In an exclusive interview with The Yorkshire Post, his first since taking the job earlier this month, Kit Malthouse said Liz Truss has asked him to look at areas that want a grammar school, as well as the expansion of existing ones.
He said the Department for Education are “beavering away” on ways the Government can make good on the Prime Minister’s campaign pledge, and if Ms Truss presses forward with the policy it will require legislation in the House of Commons.
The new Education Secretary also confirmed plans for two vocational colleges to rival Oxford and Cambridge, dubbed “Voxbridge”, are also set to be given the go-ahead, with further details expected in the spring.
He said he was “impatient” to get schools back on track after the profound impact that lockdown had on children’s learning.
“We need to be impatient,” he said, adding we need to “make sure we get back onto a kind of even keel as quickly as we can.”
Mr Malthouse, who has family in North Yorkshire, said Ms Truss has asked him and his team to look “seriously” at the policy of looking at areas that want to have [a grammar school]or indeed, that want to expand ”.
Last week the Prime Minister appointed pro-grammar school MPs Kelly Tolhurst and Jonathan Gullis to roles in his department.
“We’re about parental choice, everybody needs to be able to make a choice for their kids,” he told The Yorkshire Post.
“She definitely wants to address the strong desire in quite a lot of parents to reflect the benefits that many got from grammar schools.
“What we want to try and do is get to a position where we can fulfill the desire of some people, for a certain kind of education.”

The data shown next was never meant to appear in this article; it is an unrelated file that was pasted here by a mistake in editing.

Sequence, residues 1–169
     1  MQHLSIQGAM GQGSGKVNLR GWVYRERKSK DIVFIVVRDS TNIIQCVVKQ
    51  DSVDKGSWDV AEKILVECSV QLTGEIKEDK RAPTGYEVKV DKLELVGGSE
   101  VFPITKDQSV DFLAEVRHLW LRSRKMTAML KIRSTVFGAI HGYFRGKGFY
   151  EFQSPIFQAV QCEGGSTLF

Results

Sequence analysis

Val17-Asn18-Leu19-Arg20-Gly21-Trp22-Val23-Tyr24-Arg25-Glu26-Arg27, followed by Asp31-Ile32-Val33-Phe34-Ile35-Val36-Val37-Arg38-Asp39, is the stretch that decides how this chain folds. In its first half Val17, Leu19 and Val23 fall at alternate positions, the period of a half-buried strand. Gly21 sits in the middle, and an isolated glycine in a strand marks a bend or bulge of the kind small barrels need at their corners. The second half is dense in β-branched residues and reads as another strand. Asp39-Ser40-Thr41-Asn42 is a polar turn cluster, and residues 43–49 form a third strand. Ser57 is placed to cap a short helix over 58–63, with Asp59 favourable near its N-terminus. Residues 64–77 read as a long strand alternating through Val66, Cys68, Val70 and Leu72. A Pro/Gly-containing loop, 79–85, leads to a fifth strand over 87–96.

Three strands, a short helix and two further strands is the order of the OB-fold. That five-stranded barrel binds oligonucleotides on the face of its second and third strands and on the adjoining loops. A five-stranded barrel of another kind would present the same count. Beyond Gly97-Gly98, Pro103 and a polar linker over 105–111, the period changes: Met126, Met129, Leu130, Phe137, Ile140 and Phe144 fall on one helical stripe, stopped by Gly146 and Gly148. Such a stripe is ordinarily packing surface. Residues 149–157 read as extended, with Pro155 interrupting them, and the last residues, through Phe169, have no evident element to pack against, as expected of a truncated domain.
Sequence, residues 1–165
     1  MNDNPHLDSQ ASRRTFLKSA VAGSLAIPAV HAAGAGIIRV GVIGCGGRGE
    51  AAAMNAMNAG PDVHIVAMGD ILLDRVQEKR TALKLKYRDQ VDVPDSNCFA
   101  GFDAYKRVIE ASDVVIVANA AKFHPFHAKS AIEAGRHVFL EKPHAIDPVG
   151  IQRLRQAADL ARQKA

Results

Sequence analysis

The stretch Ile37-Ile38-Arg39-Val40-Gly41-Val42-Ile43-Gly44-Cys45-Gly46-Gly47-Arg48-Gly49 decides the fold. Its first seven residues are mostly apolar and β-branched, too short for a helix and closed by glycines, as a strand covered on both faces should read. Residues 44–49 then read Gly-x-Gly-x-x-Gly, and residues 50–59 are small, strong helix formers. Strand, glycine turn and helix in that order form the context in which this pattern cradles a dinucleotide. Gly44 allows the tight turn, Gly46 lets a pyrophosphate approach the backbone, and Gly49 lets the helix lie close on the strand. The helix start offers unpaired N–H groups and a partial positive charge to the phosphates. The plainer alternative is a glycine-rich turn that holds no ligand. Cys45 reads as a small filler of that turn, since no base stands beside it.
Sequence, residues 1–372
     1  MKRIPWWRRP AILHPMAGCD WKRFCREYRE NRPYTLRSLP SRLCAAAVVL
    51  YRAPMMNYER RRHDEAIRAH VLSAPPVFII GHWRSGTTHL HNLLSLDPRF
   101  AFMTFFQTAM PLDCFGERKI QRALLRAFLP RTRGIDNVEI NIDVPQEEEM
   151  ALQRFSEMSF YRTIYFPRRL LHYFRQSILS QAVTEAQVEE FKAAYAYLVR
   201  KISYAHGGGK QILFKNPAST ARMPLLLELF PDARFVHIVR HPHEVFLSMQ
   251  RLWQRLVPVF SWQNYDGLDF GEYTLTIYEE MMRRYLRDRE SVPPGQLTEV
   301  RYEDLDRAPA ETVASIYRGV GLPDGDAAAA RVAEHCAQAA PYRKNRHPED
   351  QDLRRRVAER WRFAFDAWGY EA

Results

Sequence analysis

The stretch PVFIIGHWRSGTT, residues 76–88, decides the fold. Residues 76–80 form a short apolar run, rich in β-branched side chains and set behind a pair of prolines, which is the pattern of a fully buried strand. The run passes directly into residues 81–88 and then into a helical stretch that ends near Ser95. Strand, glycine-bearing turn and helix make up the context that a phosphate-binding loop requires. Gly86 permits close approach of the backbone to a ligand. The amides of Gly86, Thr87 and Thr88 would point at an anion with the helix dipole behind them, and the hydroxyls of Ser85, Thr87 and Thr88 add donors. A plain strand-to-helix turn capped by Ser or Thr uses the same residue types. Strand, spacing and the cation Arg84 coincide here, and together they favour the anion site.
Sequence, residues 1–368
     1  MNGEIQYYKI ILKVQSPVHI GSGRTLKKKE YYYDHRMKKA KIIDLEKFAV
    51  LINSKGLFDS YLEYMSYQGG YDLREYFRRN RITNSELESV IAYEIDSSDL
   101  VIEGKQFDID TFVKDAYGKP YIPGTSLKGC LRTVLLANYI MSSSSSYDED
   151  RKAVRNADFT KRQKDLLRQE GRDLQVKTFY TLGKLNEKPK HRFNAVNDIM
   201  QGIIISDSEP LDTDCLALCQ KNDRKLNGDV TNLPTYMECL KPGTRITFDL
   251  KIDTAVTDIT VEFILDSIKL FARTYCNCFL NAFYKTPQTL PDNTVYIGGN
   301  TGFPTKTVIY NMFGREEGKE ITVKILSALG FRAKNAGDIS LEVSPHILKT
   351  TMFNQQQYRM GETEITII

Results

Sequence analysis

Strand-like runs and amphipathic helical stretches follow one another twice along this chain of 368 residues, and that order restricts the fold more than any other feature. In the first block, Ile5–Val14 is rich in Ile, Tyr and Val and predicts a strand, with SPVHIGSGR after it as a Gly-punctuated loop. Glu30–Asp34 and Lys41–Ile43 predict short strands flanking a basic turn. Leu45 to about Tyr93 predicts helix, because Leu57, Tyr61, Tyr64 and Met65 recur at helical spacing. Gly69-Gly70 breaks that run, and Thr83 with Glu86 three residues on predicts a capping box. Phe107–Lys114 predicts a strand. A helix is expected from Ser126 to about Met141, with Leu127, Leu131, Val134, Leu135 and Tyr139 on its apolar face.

Mr Malthouse said grammar schools had an “educational ethos” that it was the Government’s obligation to give the option to parents around the UK.
The Prime Minister has previously described herself as a “huge supporter” of the schools, and has even sent her own children to one, pledging to give other parents to be able to have the option to do so as well.
Yorkshire currently only has six grammar schools, located only in North or West Yorkshire, compared to more than 150 in the rest of England.
Kent, meanwhile, has 32 selective schools, despite a population being a fifth of God’s Own County.
New grammar schools were banned in England by New Labor in 1998, and previous attempts to lift the moratorium have been dropped, such as in 2017, despite Theresa May’s commitment to the policy.
Mr Mathouse also confirmed another one of Ms Truss’ “key missions” she has entrusted him with was to bring vocational and university education onto an equal footing with each other.
He confirmed to the Yorkshire Post that plans could be unveiled as early as spring over the establishment of two vocational colleges at the standard Oxford and Cambridge universities.
The policy was a campaign pledge which Liz Truss signed up to after being asked by Jake Berry, the then-chair of the Northern Research Group, who she has now appointed as party chairman.
“It’s an incredibly exciting idea,” said Mr Malthouse.
“Having centers of excellence, as there is with universities, I think, is a really great idea, so we’ll be taking that forward in developing the policy over the months to come.”
He also said that his department was also running a project with its chief statistician and Sir Patrick Vallance, the Government’s chief scientific adviser, by “horizon scanning” for what the future of work will look like, and what skills need to be developed in education. .
“You start to see a really compelling story there for young people that says, look, these are going to be the big industries of the future with synthetic biology, artificial intelligence, whatever it might be, here is the path to get you there on an accelerated basis.
“That will involve both an element of academic study, but really hands-on experience, which will get you there quicker, and also without student loan.”